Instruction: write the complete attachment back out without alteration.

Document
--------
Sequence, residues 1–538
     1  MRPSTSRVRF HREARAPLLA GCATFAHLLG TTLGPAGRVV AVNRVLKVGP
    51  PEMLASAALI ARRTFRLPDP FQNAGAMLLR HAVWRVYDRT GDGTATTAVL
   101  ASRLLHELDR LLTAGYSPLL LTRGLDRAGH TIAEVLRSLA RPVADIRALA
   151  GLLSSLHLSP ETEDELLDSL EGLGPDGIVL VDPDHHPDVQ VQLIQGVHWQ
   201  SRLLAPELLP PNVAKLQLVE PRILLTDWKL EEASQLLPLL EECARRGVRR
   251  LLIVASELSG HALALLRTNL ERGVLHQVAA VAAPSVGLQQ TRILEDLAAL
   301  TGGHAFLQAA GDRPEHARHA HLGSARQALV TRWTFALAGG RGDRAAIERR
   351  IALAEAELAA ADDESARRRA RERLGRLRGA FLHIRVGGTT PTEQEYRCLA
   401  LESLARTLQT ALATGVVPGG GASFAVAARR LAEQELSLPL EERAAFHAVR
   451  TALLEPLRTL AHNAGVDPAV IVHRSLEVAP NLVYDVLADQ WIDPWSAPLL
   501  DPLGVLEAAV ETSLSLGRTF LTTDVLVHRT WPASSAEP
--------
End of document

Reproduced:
Sequence, residues 1–538
     1  MRPSTSRVRF HREARAPLLA GCATFAHLLG TTLGPAGRVV AVNRVLKVGP
    51  PEMLASAALI ARRTFRLPDP FQNAGAMLLR HAVWRVYDRT GDGTATTAVL
   101  ASRLLHELDR LLTAGYSPLL LTRGLDRAGH TIAEVLRSLA RPVADIRALA
   151  GLLSSLHLSP ETEDELLDSL EGLGPDGIVL VDPDHHPDVQ VQLIQGVHWQ
   201  SRLLAPELLP PNVAKLQLVE PRILLTDWKL EEASQLLPLL EECARRGVRR
   251  LLIVASELSG HALALLRTNL ERGVLHQVAA VAAPSVGLQQ TRILEDLAAL
   301  TGGHAFLQAA GDRPEHARHA HLGSARQALV TRWTFALAGG RGDRAAIERR
   351  IALAEAELAA ADDESARRRA RERLGRLRGA FLHIRVGGTT PTEQEYRCLA
   401  LESLARTLQT ALATGVVPGG GASFAVAARR LAEQELSLPL EERAAFHAVR
   451  TALLEPLRTL AHNAGVDPAV IVHRSLEVAP NLVYDVLADQ WIDPWSAPLL
   501  DPLGVLEAAV ETSLSLGRTF LTTDVLVHRT WPASSAEP